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  • Clay Burgess

In The Meantime (Sermon)

Jude

Have you ever wondered: What should I be doing right now? What should a follower of Jesus be doing between salvation and glorification? In this space of already but not yet, what should the actions of a believer be? Is it all seriousness or can there be some fun? Is life all duty and not delight? Is it all gravity and no gladness? What does it mean to be “holy” or “perfect?” How can you be faithful in faithless times?

Today we will look at Jude. It is the last of the General Epistles and probably the most neglected. It is short and a bit strange. It is written by the half-brother of Jesus, the son of Mary and Joseph. He introduces himself in verse one.

Jude 1:1 (ESV)—Jude, a servant of Jesus Christ and brother of James, To those who are called, beloved in God the Father and kept for Jesus Christ:

Jude has moved from a pre-resurrection skeptic to selfless, submitted, bond slave of Jesus! Notice that sweeping coverage of the language. To be “called” is reference to God’s sovereign call to salvation in the past. “Beloved” is God’s love in the past that continues in the present and to be “kept” expresses positive assurance regarding the future!

In verse 3, Jude unpacks why he is writing.

Jude 1:3 (ESV)—Beloved, although I was very eager to write to you about our common salvation, I found it necessary to write appealing to you to contend for the faith that was once for all delivered to the saints.

Jude’s original plan for writing seems to have changed. He moves from a message about “our common salvation” to something he deems more urgent and pressing. It sounds like it has become an emergency in his mind. It believes that it is “necessary” to challenge his readers. The language here is as if he has a heavy burden and is delivering a mandate. The charge is “to contend for the faith.” This is military or athletic language that refers to a struggle or intense effort that is continuous and vigorous. Of course, “the faith” is talking about refers to the traditional teaching of the apostles, specifically, the Gospel.

Why did Jude change subjects? What happened?

Jude 1:4 (ESV)—For certain people have crept in unnoticed who long ago were designated for this condemnation, ungodly people, who pervert the grace of our God into sensuality and deny our only Master and Lord, Jesus Christ.

With evil, crafty, and cunning intention, a group has “crept” into the body of believers with the aim to do as much harm as possible. Jude gives four details about this group. First, they “were designated for this condemnation.” They are going to experience judgment. Second, they were “ungodly people.” The had no reverence for God. Third, they “pervert the grace of God into sensuality.” They have turned grace into an opportunity for license. Fourth, they deny Jesus.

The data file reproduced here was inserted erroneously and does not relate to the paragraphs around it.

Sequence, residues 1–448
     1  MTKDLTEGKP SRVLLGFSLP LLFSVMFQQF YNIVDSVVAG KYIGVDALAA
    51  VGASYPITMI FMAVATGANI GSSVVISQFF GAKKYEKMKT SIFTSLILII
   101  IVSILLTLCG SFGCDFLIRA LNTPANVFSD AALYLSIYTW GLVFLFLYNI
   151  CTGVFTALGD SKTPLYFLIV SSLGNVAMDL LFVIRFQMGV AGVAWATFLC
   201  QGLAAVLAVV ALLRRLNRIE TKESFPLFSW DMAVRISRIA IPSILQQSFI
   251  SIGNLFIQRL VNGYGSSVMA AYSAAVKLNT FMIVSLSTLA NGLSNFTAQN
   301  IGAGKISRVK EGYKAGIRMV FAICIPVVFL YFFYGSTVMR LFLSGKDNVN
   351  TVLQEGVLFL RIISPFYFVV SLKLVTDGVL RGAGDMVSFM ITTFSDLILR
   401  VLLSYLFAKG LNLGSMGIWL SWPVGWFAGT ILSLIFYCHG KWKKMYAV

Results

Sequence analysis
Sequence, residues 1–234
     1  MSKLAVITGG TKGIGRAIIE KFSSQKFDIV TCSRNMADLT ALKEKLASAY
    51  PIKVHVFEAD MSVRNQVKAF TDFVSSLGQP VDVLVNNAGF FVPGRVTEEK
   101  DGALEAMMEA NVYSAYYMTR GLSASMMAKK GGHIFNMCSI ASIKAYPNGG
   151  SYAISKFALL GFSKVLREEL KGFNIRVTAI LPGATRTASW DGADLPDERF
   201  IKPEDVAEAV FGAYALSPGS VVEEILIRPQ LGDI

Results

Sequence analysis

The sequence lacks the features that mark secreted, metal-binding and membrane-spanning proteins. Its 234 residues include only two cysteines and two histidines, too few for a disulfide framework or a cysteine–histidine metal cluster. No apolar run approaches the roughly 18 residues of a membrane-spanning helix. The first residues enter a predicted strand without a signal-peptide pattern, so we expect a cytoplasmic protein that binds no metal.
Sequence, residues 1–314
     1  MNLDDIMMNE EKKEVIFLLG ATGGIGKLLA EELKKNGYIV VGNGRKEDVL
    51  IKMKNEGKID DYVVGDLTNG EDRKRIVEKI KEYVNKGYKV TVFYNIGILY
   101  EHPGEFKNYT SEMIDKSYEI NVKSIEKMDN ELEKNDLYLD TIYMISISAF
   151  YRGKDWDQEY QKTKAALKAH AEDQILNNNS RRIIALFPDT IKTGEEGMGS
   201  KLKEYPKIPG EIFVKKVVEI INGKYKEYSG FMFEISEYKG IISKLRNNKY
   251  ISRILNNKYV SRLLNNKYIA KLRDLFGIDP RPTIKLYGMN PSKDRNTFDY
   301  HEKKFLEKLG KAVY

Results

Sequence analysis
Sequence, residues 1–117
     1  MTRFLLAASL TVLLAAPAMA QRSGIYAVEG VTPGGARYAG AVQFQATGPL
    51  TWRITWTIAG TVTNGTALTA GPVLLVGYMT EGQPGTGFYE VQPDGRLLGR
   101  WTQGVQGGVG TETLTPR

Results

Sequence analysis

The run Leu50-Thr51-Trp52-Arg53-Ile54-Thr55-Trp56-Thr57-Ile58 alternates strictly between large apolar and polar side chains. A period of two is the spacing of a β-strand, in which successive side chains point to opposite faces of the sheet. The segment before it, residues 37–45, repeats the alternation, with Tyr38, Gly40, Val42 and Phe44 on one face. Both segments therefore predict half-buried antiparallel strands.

But why is this a big deal to Jude? Why is this so important? Why is he so worked up and serious about this? The bottom line is that judgment is coming. In verses 5-16, Jude is going to give examples of God’s judgment in the past and then give examples of present actions that warrant God’s judgment in the present.

The first historic example Jude uses is Egypt in verse 5.

Jude 1:5 (ESV)—Now I want to remind you, although you once fully knew it, that Jesus, who saved a people out of the land of Egypt, afterward destroyed those who did not believe.

The second historic example Jude uses is the angels in verse 6.

Jude 1:6 (ESV)—And the angels who did not stay within their own position of authority, but left their proper dwelling, he has kept in eternal chains under gloomy darkness until the judgment of the great day—

The third historic example Jude uses is Sodom and Gomorah in verse 7.

Jude 1:7 (ESV)—just as Sodom and Gomorrah and the surrounding cities, which likewise indulged in sexual immorality and pursued unnatural desire, serve as an example by undergoing a punishment of eternal fire.

Jude give this as an example of those who turn from God and follow lustful desires. He is saying, watch out for these guys and don’t be these guys!

In verses 8-13 Jude points out some present actions that deserve judgment.

Jude 1:8 (ESV)—Yet in like manner these people also, relying on their dreams, defile the flesh, reject authority, and blaspheme the glorious ones.

Here in verse 8, he points out 3 sins: “relying on their dreams,” “defile the flesh,” and reject authority.” In verse 10 he states they are “unreasoning animals.” They cannot reason! Jude argues that this bad and that there are consequences for our sin.

Jude 1:11 (ESV)—Woe to them! For they walked in the way of Cain and abandoned themselves for the sake of gain to Balaam’s error and perished in Korah’s rebellion.